Organisations engaging workers in roles requiring continuity of service or production during shifts, or involving foreseeable surges in activity, should review their break policies to ensure that those excluded from the general right to rest breaks under the WTR are benefitting from compliant compensatory rest periods. Although compensation awards for breaches of WTR rights have been limited in practice, Tribunals do have significant flexibility in this area. Employers should therefore proceed with care.


Whistleblowing: Disclosures made solely in self-interest are not protected

Parsons v Airplus International Limited (Employment Appeal Tribunal)

The EAT has held that disclosures made by an employee solely out of concern for her own potential liability were not in the public interest and did not amount to protected disclosures for the purpose of whistleblowing protection. 

The employee was hired as a Legal and Compliance Officer, despite having no previous compliance experience. She raised various queries in relation to her duties and her employer's failure to comply with its legal obligations, and expressed concern that she would face personal liability if her employer did not meet such requirements, even though there was no evidence of any breach. Her employer gave her training and changed her title to address her fears about personal liability. However, the employer continued to receive negative feedback about the employee, and her employment was terminated. She brought tribunal proceedings, alleging automatic unfair dismissal on the grounds of whistleblowing, which the ET rejected on the basis that the employee had not made qualifying disclosures. The employee appealed.

The EAT dismissed the appeal. The employee had not disclosed any information; she had merely checked as to whether minutes were being made in a meeting. She made the enquiry in order to deduce whether she would be personally protected, and so the concern was raised purely in her own interest: she held no belief that it was made in the public interest. The ET's finding that the reason for dismissal was her conduct, and not the disclosures themselves, was also upheld by the EAT.  

Employers should still be wary when approaching such situations, as it is difficult to demonstrate that a disclosure has been made entirely in an employee's own interest. An employee will be afforded protection if their disclosure is made even partly in the public interest, so it will be central to an employer's case when considering dismissal of such an employee to prove that the reason for their dismissal is distinct from any disclosures made.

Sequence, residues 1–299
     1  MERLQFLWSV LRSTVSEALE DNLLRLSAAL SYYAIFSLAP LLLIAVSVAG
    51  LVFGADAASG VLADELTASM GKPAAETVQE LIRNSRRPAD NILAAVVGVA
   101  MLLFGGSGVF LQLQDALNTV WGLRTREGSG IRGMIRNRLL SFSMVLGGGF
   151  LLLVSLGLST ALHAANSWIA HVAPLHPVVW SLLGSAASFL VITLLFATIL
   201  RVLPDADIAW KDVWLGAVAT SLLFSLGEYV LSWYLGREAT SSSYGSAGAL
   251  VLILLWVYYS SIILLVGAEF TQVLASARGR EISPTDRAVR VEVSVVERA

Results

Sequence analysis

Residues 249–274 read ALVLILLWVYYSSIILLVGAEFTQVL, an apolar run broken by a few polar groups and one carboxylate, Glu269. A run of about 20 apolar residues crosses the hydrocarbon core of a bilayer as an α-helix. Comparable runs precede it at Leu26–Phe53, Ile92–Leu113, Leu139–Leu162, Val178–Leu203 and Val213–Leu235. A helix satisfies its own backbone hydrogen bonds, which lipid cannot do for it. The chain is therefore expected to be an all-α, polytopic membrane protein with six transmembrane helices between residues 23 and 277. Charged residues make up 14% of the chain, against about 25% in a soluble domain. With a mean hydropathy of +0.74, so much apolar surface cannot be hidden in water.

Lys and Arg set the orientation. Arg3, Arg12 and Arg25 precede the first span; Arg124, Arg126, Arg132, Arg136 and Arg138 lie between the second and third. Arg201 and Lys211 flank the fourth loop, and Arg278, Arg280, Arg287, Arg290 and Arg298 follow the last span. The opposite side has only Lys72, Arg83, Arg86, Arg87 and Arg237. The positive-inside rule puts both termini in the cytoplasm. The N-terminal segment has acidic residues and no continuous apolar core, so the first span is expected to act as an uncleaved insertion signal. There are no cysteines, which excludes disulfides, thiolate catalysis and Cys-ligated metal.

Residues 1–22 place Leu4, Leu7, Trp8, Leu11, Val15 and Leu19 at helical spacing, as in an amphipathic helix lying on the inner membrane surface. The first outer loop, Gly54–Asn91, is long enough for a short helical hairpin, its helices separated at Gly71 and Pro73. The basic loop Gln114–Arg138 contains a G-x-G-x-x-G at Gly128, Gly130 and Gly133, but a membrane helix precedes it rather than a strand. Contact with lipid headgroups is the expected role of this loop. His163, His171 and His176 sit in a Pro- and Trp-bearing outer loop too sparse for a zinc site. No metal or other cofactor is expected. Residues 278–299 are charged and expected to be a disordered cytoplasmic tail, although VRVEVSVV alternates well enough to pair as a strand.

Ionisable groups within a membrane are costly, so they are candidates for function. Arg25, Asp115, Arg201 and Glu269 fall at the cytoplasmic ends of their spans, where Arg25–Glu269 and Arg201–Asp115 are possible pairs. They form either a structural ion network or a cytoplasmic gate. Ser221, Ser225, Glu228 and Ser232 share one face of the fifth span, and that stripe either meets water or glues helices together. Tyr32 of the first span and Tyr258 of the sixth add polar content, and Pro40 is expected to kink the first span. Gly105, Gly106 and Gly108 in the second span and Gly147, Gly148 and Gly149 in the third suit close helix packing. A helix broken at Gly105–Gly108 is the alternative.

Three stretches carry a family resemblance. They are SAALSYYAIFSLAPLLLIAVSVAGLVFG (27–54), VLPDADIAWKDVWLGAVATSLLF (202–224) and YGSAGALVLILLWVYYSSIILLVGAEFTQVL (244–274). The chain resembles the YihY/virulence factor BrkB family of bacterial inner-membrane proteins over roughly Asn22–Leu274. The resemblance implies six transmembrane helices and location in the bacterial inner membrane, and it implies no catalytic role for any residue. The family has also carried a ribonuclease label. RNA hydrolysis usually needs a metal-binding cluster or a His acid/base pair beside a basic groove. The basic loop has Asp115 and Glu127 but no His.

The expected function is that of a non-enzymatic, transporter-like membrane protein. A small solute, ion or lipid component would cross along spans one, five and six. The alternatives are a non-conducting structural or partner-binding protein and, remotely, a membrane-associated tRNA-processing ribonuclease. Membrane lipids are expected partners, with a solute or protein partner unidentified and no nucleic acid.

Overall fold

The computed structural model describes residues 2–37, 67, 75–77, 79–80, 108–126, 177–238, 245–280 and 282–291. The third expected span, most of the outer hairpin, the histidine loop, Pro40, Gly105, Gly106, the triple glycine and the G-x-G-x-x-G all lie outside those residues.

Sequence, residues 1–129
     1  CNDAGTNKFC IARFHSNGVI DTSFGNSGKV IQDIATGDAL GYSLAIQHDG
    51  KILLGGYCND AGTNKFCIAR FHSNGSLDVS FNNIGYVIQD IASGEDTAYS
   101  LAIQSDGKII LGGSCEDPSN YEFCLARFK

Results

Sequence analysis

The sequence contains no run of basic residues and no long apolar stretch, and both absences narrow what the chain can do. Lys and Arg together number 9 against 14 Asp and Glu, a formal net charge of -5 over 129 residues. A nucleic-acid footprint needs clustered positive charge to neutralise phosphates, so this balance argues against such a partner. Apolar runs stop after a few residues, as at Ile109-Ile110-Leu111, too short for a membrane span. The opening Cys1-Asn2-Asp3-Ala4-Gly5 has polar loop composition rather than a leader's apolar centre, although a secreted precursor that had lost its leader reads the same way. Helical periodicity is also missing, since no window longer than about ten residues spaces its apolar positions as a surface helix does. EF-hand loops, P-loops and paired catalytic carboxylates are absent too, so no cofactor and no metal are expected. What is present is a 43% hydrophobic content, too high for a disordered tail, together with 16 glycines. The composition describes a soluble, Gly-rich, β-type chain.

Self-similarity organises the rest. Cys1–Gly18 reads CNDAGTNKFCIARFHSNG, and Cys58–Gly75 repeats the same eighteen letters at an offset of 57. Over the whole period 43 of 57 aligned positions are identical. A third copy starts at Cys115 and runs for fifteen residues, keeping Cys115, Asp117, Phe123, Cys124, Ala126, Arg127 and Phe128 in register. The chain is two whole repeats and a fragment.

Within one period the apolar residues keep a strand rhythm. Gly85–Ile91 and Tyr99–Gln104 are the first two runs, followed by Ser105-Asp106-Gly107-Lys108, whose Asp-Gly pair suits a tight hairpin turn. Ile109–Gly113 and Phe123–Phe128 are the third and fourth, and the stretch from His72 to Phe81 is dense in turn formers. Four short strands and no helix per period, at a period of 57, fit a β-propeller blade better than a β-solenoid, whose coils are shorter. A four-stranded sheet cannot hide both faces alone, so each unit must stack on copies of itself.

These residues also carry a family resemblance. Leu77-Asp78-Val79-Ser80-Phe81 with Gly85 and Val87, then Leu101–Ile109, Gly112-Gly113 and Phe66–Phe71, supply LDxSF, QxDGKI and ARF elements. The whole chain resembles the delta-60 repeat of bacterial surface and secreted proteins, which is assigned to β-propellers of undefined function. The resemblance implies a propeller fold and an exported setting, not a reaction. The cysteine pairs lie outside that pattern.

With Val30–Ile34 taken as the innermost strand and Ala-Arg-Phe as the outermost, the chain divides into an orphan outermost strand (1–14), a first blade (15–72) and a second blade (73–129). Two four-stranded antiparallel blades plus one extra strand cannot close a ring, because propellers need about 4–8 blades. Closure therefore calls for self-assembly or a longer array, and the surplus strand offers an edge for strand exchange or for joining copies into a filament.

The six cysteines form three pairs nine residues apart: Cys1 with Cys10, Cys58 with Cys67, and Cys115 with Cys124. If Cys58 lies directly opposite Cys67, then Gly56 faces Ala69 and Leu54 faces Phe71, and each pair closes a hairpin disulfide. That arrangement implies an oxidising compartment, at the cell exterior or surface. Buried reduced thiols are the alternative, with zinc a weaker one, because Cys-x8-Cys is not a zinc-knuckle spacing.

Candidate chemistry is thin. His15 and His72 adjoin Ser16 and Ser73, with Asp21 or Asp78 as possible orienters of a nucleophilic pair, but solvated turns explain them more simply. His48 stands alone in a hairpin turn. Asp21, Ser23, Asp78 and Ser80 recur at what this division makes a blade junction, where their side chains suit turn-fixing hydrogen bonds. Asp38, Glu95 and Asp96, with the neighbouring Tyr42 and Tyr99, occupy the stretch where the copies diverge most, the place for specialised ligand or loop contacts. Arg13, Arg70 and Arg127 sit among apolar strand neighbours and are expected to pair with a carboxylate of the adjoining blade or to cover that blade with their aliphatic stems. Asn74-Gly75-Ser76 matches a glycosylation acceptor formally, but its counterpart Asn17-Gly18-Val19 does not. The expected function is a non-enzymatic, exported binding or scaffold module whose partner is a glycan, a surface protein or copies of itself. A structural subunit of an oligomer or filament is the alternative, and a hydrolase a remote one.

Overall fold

When "protected conversations" are admissible in evidence

Basra v BJSS Limited (Employment Appeal Tribunal)

Tribunals can hear evidence of pre-termination negotiations in an unfair dismissal claim when the date of termination is in dispute, the EAT has held. This represents a limited exception to the general inadmissibility of 'protected conversations' in unfair dismissal proceedings, by which employers can under certain conditions offer and/or discuss mutually agreed exits in the knowledge that relevant correspondence cannot be presented before a tribunal. 

On receiving complaints about the employee's performance, the employer sent him two letters: one inviting him to a disciplinary hearing, and the other making him a without-prejudice offer of financial settlement in return for the immediate termination of his employment. The employee accepted the second offer by email, stating that this would be his "last day" with his employer, but did not sign a settlement agreement. He did not attend work again following his email, and informed his employer that he was suffering from stress. When he brought a claim for unfair dismissal, his employer disputed the date and manner of termination. The ET held that the employee's initial acceptance email amounted to his resignation, and so he had not been dismissed. It did not take into account any correspondence marked "without prejudice" before this email, ruling that they constituted pre-termination negotiations and were thus inadmissible.  

On appeal the EAT found that, as there was a dispute regarding the date of termination, the tribunal would not be in a position to determine which evidence should be excluded until that dispute was resolved. In order to do so, the Tribunal must consider all the relevant evidence to determine the termination date. Only once this has been decided should any pre-termination conversations be disregarded. The matter was remitted to the ET.

The protection of pre-termination negotiations has limitations. If the parties disagree only on the nature of an employee's termination, evidence of pre-termination discussions will be excluded. However, where the dispute lies in the date of termination, the content of such discussions may be admissible as evidence to decide the termination date.